LeafGreens: Greener and Leafier


The new LeafGreens formula just got a whole lot healthier with the addition of three new “super” vegetables: arugula, Swiss chard and kale. We removed faba bean and field pea leaves but made sure to replace the kaempferol and quercetin that they supplied. You’ll still be getting a similar zesty taste just with more vitamins, flavanols and phytonutrients packed into every healthier, greener and leafier serving.

Swiss Chard
Swiss chard is a leafy vegetable in the same family as spinach. It contains significant amounts of vitamins C, E and K, magnesium, manganese, potassium and iron. It’s also a source of chlorophyll, dietary nitrate, alphalipoic acid, betalains, beta-carotene, lutein,and zeaxanthin.

What’s New?
Swiss chard contains thirteen different types of antioxidants, including kaempferol and syringic acid, a flavonoid that according to a study published in the Journal of Acute Disease helps to stabilize blood sugars.

Popular in its own right, kale is a leafy green or purple cruciferous vegetable related to cauliflower and Brussel sprouts. It is known for its vitamins A, C and K, copper, potassium, iron, manganese, calcium and phosphorus content. It also has lutein, zeaxanthin, quercetin and kaempferol.

What’s New?
Kale contains both kaempferol and quercetin. Kale, along with other cruciferous vegetables, is known for its supply of indoles. According to the National Cancer Institute research has shown that indoles “inhibit the development of cancer in several organs in rats and mice, including the bladder, breast, colon, liver, lung, and stomach.”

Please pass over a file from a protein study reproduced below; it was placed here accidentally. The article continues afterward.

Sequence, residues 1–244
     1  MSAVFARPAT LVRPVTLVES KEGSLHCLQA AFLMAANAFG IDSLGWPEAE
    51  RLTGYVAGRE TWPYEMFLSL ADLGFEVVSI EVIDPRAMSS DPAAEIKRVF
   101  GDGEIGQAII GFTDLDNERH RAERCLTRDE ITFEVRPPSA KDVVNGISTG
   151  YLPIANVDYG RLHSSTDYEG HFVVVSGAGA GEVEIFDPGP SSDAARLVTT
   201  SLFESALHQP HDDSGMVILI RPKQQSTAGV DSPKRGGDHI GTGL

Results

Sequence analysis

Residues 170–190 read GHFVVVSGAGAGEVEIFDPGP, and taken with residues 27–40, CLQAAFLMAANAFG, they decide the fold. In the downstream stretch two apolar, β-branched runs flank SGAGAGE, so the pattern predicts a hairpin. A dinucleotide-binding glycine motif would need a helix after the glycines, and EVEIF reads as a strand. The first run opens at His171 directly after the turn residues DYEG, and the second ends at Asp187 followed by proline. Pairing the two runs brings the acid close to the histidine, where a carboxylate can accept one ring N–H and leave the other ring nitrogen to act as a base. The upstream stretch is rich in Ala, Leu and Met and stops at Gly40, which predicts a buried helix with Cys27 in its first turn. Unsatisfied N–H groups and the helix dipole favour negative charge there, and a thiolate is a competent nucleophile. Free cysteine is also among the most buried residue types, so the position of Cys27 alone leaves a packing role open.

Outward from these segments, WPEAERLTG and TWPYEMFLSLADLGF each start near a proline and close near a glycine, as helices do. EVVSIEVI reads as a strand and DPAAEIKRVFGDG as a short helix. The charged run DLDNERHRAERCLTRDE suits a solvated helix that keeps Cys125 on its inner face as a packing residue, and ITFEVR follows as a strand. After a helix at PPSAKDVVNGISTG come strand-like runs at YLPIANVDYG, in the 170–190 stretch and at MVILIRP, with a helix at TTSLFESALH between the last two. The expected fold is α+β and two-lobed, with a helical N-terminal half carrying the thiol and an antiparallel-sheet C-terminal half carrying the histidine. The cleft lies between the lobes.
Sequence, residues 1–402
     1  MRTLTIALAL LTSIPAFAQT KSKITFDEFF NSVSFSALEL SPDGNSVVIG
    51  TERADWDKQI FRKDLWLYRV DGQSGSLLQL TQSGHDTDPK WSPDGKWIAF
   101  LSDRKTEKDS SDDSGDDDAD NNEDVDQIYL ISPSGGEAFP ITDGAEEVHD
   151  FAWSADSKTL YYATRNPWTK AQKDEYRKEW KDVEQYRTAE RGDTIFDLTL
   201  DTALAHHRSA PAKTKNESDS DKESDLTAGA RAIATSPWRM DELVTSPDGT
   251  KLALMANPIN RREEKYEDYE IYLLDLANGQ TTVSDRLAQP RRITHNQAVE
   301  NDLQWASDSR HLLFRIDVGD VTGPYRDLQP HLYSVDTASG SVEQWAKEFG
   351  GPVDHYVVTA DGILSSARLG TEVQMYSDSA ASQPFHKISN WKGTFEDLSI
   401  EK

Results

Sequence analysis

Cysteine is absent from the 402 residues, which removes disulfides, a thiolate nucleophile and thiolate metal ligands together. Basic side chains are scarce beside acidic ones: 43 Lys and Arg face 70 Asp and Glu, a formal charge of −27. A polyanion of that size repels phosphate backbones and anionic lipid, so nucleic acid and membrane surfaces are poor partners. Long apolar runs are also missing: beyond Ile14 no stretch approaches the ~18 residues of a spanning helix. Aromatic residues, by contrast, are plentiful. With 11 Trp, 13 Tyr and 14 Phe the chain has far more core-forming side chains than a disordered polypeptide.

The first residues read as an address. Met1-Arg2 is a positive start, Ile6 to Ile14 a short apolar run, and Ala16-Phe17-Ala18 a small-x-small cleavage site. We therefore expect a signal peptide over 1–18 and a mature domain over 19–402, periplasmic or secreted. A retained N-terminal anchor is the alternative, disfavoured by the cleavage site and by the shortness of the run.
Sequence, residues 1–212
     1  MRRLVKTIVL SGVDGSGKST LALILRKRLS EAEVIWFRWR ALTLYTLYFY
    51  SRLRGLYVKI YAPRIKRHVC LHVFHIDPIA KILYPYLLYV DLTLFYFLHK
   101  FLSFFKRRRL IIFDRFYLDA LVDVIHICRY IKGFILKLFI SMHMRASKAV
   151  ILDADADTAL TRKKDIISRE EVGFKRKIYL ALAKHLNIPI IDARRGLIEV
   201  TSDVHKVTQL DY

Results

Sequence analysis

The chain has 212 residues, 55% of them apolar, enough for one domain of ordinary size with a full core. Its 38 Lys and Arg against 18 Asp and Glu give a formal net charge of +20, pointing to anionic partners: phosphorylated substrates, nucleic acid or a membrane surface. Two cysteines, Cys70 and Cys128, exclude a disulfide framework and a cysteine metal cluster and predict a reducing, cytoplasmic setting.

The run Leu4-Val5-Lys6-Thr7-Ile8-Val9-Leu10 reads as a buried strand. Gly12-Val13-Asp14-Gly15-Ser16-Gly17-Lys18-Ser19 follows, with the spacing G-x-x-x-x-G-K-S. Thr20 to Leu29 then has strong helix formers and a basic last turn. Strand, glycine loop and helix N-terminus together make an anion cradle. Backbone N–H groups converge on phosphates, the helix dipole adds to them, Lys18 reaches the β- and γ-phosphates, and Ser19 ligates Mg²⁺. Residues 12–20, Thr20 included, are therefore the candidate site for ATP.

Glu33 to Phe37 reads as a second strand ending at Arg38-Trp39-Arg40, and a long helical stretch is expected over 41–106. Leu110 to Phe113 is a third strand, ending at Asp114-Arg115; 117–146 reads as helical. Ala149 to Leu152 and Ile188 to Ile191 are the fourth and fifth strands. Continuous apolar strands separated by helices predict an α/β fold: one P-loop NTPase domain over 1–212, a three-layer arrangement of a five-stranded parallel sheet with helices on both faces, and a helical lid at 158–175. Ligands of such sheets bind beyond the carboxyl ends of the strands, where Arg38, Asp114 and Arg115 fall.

Arugula, also known as rocket lettuce, is a green cruciferous vegetable. It’s a good source for vitamins A, C and K, calcium as well as dietary nitrate, alpha-lipoic acid and chlorophyll. Like broccoli, it contains sulfuraphane and indoles.

What’s New?
As a cruciferous vegetable, arugula shares a lot of redundant properties with broccoli and kale. However, arugula has been noted for its thiocyanate content which was shown to suppress inflammatory mediators in a study published in the aptly named Mediators of Inflammation.


Published by The AIM Companies

Nutrition that Works!

4 thoughts on “LeafGreens: Greener and Leafier

  1. Earlier this year I was extolling the AiM products with a couple that were visiting me. They are very careful eaters, but when I was talking about Barley Life, the husband, Bernie, said that he was on very strict diet & could NOT have green veggies due to the K in them, etc. He’s on a blood thinner, etc etc,. Since I was driving , & couldn’t take notes. Now, I cant remember all the reasons he had for not using Barley Life or Leaf Greens. Even tho I’m a RETIRED Nurse & have some knowledge, I didn’t feel confident to do much arguing with him/ them. But that has bothered me since and would like to get more insight into this kind of ‘doctoring’, as well as seeing if he is being too cautious, etc. They live in So Fla,, & I live in NE Fla. So we only communicate by email , but they have been away this summer, going around USA w their small camper kind of car. I want to know what to say in the future. Thank you.

    Liked by 1 person

    1. It is entirely possible someone on blood thinners or anti-coagulants may have been ordered by their doctor to reduce or monitor their vitamin K intake since vitamin K is responsible for helping the blood to clot. Unless he gets an all clear from his physician, he will probably be unable to take the products.

      Otherwise, as Dr. Mercola says, “it is quite safe to consume vitamin K when you are not taking an oral anticoagulant drug.”



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